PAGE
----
LIBRARY ELIMINATES FINES We’ve all been there: You’re at the checkout desk with your haul of books, magazines and maybe a Blu-ray of an intricately plotted heist movie. You present your library card, and the librarian informs you, in a low, discreet tone usually reserved for credit card fails, that you still owe $13.50 from that ill-advised attempt to explore the entire Pauly Shore oeuvre. There goes your weekend.
No more. Like many libraries across the country and here in Allegheny County, Mt. Lebanon Public Library is eliminating fines for overdue materials.
In 2019, the American Library Association declared monetary fines “an economic barrier to access of library materials and services,” and issued a resolution urging libraries to actively move away from assessing fines, and urging government entities to strengthen library funding, which lessens their dependence on fines as a revenue source.
But it’s not like Mt. Lebanon stands to lose a big chunk of money. Library Director Robyn Vittek says fines on overdue materials account for less than 1 percent of the library’s budget. This number used to make up 2 to 3 percent of the budget, but county libraries now offer automated renewals and have tripled the number of times an item can be renewed, from twice to six times, which drastically reduces the number of overdue items and fines collected.
“We constantly explore other ways of generating income to help supplement our operating budget,” Vittek said.
Going fine-free doesn’t mean you can just walk off with the stuff, though. If you keep a book for six weeks past the final due date, the library will bill you for it, and the cost of the replacement will stay on your record. If you owe $10 or more for any reason, you will not be permitted to borrow or renew materials, and you will lose access to e-resources and library databases.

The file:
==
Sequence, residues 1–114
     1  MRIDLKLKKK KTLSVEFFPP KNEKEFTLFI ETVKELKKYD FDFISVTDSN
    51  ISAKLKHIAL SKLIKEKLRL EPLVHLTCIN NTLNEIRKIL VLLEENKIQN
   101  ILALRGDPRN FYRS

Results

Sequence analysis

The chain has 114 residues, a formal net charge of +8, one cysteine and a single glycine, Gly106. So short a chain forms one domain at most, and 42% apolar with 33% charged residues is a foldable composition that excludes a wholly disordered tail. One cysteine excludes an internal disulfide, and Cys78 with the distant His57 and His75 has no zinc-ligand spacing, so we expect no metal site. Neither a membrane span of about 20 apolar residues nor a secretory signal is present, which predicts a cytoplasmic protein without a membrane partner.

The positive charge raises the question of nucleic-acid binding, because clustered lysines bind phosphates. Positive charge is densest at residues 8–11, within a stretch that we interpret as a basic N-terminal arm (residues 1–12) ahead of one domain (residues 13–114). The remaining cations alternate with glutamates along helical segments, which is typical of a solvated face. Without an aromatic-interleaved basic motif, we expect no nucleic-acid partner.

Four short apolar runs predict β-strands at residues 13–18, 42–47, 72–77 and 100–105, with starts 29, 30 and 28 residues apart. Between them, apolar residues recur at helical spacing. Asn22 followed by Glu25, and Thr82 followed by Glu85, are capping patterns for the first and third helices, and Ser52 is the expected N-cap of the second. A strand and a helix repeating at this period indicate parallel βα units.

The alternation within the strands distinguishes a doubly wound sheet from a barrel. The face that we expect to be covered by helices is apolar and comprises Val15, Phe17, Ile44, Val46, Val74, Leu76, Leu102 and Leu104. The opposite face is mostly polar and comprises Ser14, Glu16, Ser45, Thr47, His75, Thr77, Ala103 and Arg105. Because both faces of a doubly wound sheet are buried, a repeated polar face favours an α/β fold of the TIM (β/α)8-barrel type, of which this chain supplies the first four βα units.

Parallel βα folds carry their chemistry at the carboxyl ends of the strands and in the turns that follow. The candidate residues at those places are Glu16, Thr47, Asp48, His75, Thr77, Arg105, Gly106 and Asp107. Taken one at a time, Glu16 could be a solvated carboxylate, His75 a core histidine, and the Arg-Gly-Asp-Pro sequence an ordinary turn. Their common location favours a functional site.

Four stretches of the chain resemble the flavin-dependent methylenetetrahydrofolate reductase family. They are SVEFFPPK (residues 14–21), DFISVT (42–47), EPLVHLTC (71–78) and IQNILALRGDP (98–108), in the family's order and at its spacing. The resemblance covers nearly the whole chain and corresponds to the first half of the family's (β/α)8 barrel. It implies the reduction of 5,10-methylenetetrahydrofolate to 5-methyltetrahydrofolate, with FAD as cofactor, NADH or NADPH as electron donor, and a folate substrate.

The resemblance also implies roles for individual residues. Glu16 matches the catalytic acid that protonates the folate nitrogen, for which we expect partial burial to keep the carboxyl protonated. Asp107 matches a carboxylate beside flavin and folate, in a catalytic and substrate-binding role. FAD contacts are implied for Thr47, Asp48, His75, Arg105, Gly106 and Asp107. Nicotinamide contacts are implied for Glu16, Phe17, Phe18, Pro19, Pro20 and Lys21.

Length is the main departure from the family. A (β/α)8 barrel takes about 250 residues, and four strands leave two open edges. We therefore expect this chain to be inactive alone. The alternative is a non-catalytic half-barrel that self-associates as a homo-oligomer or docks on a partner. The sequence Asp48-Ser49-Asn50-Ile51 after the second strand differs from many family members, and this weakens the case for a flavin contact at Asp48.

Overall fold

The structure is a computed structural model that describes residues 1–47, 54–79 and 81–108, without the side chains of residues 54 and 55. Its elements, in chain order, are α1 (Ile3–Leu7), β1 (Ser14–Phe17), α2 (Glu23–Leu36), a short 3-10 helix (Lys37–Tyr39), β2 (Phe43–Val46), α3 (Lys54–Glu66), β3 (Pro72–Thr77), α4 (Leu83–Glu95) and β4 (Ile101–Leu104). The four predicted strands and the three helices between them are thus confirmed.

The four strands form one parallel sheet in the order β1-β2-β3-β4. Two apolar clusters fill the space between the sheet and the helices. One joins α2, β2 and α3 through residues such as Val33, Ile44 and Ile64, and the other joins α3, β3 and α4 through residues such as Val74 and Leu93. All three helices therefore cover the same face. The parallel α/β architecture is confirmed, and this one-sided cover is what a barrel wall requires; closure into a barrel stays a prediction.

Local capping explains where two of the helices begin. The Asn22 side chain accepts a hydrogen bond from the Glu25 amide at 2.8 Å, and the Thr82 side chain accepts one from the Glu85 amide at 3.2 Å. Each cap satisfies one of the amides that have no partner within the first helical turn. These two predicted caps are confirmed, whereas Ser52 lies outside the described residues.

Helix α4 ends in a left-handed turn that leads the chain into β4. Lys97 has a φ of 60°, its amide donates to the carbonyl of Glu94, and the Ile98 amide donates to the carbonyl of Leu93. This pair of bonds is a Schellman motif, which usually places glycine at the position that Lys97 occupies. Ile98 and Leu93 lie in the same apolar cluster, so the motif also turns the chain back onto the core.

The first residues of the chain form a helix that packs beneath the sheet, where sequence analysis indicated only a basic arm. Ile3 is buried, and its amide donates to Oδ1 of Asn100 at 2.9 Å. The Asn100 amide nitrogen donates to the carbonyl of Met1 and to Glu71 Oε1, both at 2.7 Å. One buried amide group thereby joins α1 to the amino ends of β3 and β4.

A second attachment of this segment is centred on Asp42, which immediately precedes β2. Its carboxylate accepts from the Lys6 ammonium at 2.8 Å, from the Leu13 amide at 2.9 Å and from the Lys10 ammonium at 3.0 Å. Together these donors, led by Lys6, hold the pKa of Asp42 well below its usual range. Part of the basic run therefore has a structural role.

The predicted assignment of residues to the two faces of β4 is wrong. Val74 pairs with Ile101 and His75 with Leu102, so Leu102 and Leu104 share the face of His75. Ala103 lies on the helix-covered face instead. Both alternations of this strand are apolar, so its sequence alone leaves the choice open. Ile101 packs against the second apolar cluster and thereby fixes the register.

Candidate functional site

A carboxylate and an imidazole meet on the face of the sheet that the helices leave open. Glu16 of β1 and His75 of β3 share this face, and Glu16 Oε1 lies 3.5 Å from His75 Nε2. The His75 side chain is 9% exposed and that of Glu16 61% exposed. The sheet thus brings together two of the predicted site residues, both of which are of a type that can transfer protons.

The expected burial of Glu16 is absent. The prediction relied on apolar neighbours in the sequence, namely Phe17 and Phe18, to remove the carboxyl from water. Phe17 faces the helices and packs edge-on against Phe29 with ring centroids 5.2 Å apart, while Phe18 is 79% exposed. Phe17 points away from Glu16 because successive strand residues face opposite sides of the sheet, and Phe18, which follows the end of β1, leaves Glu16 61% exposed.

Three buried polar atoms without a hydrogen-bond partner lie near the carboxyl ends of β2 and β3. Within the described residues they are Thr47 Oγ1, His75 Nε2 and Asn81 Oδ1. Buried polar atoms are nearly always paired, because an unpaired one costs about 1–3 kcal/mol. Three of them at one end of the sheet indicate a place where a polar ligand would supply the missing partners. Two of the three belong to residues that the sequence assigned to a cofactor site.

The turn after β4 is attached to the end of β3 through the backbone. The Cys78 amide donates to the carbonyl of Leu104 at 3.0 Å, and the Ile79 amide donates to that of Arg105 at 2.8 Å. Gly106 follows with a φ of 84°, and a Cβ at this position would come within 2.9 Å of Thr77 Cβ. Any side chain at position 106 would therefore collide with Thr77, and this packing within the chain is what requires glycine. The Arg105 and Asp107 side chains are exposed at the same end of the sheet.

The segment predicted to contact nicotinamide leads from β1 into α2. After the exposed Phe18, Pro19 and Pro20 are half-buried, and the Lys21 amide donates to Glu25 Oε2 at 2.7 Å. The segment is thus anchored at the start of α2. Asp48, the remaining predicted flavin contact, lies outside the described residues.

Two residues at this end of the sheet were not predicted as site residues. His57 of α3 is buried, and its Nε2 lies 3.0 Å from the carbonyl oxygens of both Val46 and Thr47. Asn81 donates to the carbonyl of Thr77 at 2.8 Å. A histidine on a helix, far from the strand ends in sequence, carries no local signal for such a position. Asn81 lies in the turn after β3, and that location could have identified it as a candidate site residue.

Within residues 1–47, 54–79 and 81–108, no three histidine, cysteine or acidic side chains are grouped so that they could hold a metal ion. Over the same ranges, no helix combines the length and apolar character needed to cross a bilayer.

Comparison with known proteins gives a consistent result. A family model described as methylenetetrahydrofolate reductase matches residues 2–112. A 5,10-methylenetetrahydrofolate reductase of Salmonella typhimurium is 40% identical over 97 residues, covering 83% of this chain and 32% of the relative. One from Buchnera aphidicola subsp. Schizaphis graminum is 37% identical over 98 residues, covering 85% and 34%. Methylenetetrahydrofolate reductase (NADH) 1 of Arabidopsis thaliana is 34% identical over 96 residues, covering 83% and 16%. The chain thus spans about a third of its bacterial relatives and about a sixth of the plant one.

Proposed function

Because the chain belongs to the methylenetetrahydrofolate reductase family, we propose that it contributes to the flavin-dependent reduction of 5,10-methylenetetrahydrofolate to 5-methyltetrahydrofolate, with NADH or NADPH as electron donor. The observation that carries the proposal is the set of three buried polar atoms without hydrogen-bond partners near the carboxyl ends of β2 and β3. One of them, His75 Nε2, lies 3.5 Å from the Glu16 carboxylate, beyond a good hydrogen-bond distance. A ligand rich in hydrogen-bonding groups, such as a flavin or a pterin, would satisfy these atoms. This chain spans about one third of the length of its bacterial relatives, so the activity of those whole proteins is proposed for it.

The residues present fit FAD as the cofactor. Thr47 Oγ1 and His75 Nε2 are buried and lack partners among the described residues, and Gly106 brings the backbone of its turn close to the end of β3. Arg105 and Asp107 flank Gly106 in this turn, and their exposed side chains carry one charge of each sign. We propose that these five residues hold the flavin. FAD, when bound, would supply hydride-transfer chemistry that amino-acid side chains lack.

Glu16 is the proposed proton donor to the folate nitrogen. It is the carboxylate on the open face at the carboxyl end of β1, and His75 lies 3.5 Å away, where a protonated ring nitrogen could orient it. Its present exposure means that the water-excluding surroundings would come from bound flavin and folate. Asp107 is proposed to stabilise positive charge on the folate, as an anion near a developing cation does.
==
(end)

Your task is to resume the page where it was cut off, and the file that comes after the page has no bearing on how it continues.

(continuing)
Not all libraries in the Allegheny County Library Association are embracing the elimination of fines, so you could still be fined for late-returned items at other libraries.
Vittek says libraries that have eliminated fines see around 95 percent of items returned within one week of the due date, which is not significantly different than the rate before making the change.
“We believe this policy change will help us better accomplish our mission to create an inclusive, welcoming environment,” she said. “We want everyone to feel welcome at the library.”
IMPROVING BOARD DIVERSITY It’s a common challenge for libraries and other organizations that are guided by a board of volunteers: composing a board that best reflects the diversity of your clientele.
The Allegheny County Library Association (ACLA) has launched the Talent Bank, an online resource linking local libraries with community residents who are interested in serving on a library board or committee.
Visit www.aclalibraries.org/the-talent-bank, fill out the online form, and ACLA will pass your information on to your library.
“We’re very eager to attract citizens to board service who might not have considered it in the past, and who will offer different perspectives and world views,” said Mt. Lebanon Public Library Director Robyn Vittek. “The ACLA Talent Bank is a great way to spread the word about library leadership opportunities and promote public libraries to all citizens in our communities.”